I want to start a private journal on my Mac, but I want to make sure that the file can only be opened by me.
How can I put password security on my file without it slowing down my computer?
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You could put it in an encrypted disk image.
You can create an encrypted disk image in Disk Utility:
Now, whenever you want to access your encrypted files, just mount the image from wherever you saved it to earlier. Once you're done with your files, eject it as described earlier.
You can encrypt any (individual) file using OpenSSL through Terminal. This is very useful if you are planning on doing a journal in a Word Document, or even a TextEdit file where it's just one long document. The benefit here is that it's lightening fast as you are only encrypting/decrypting a single file.
So, let's assume that on your Desktop we have your Journal conveniently named
To encrypt the file, in Terminal issue the command (assuming "Apple123" is your username):
openssl enc -aes-256-cbc -e -in /Users/Apple123/Desktop/Journal.txt -out /Users/Apple123/Desktop/Journal_encrypted.txt
You will be asked to type and verify a password to encrypt the file. When it's finished, you will see the new file on your desktop. It will look like a regular text file but when you double click on it, you will get an error message that it cannot be opened.
To decrypt the file, just issue the command:
openssl enc -aes-256-cbc -d -in /Users/Apple123/Desktop/Journal_encrypted.txt -out /Users/Apple123/Journal.txt
You will again be asked for the password; enter the one you used to encrypt it. Now, this time, when you double click on the file, you will be able to open your file.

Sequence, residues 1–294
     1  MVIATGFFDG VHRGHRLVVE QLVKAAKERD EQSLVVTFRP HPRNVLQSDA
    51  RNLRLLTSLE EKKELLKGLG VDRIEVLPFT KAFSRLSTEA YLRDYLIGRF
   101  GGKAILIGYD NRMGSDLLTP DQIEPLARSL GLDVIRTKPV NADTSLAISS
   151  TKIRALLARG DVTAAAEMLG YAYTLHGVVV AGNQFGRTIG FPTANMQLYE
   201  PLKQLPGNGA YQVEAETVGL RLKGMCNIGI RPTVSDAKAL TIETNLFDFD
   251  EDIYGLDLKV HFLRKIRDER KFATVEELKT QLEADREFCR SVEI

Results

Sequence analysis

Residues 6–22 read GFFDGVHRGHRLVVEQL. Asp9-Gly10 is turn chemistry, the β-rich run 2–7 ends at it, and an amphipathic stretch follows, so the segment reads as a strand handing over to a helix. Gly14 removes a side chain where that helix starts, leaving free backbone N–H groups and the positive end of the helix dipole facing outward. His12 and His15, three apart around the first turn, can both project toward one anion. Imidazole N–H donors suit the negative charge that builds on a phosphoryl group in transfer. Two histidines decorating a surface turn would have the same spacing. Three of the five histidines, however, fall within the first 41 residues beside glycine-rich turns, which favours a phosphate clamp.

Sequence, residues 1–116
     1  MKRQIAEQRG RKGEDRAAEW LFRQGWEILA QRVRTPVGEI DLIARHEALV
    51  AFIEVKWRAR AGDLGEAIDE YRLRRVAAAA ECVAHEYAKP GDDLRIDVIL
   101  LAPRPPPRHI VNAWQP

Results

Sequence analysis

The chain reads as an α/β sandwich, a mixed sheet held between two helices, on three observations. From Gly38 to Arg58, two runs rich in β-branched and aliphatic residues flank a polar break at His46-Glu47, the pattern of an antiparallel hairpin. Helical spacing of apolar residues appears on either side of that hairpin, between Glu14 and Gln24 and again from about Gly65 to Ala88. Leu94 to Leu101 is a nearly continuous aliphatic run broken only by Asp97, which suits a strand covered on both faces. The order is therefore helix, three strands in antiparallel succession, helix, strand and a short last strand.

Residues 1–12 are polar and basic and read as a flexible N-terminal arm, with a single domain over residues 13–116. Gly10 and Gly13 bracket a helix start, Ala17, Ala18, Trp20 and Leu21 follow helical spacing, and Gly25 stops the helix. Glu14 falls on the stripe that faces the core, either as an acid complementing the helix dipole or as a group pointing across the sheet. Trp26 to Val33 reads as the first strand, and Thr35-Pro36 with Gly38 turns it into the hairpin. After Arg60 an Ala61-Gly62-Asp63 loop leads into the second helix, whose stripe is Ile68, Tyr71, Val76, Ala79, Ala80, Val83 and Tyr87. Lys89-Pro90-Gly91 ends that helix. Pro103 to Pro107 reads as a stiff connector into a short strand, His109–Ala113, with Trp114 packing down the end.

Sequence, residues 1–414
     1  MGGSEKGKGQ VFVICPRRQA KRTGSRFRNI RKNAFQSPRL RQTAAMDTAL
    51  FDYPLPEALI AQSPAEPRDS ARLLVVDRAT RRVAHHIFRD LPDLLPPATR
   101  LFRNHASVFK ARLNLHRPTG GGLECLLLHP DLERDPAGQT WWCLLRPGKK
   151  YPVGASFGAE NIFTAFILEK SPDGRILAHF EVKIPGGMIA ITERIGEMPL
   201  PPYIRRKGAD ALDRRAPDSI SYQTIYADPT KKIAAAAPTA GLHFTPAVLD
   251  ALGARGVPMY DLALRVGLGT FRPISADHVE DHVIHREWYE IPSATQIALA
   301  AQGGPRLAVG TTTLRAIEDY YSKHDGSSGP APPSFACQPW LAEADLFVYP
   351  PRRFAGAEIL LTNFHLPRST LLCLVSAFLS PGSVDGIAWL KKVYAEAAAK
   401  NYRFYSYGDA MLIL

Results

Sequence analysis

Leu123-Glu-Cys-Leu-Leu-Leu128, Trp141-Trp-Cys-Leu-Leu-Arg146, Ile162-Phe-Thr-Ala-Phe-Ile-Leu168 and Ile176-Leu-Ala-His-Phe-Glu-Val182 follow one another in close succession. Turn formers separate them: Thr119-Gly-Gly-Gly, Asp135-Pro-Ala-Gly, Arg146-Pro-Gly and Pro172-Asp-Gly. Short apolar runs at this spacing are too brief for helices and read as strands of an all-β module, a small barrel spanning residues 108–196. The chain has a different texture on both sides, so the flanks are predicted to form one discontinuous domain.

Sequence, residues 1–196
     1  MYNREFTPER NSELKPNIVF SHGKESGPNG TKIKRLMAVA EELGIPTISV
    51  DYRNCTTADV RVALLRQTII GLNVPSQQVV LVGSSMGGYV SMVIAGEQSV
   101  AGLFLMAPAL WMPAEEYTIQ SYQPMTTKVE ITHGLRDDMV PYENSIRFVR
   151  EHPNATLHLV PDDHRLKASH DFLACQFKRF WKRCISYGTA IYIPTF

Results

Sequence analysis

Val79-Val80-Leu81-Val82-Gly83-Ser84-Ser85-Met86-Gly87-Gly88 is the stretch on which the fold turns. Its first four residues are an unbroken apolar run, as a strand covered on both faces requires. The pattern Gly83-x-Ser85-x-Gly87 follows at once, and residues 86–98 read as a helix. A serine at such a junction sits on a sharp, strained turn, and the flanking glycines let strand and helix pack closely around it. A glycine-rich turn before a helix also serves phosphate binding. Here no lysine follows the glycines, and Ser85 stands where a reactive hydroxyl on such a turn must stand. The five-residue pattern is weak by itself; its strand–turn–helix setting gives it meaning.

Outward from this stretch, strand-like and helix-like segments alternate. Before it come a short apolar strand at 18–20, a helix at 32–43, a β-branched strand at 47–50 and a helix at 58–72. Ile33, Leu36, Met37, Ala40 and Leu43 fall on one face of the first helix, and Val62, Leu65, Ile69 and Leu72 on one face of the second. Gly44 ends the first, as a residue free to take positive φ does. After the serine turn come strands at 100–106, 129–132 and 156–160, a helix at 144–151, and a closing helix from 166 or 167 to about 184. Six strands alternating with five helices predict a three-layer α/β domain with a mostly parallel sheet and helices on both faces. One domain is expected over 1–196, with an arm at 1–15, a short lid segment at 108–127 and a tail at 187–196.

What do those things mean?
enc - Use encryption cipher
-aes-256-cbc - Type of cipher to be used. AES256 is an industry standard.
-d - Encrypt or Decrypt
-in - specifies the full path to the input file
-out - specifies the full path to the output file.
You can obtain more info about OpenSSL by typing
man openssl from the Terminal prompt.
Use OpenSSL to encrypt/decrypt.
openssl enc -aes-256-cbc -e -in [input path/file] -out [output path/file]
openssl enc -aes-256-cbc -d -in [input path/file] -out [output path/file]
Remember your password and make a backup of the file. If you lose/forget the password you are going to be up the creek without a paddle.
For the really paranoid, Keychain Access can be used to store Secure Notes.
Further to calum_b's comment, you should take a look at DayOne native Mac app for journalling. It's full-feautured and has a journal-lock feature. It's better quality than the products mentioned, in my opinion.
In the next weeks/months they will be rolling out their end-to-end encryption feature. It's much more practical for a third party to take care of this than attempting it yourself.
One can just export as pdf(or other option if suitable) while doing so encrypt it, if its just something you want encrypted not for any further changes and keep on the computer for safe keeping like passwords.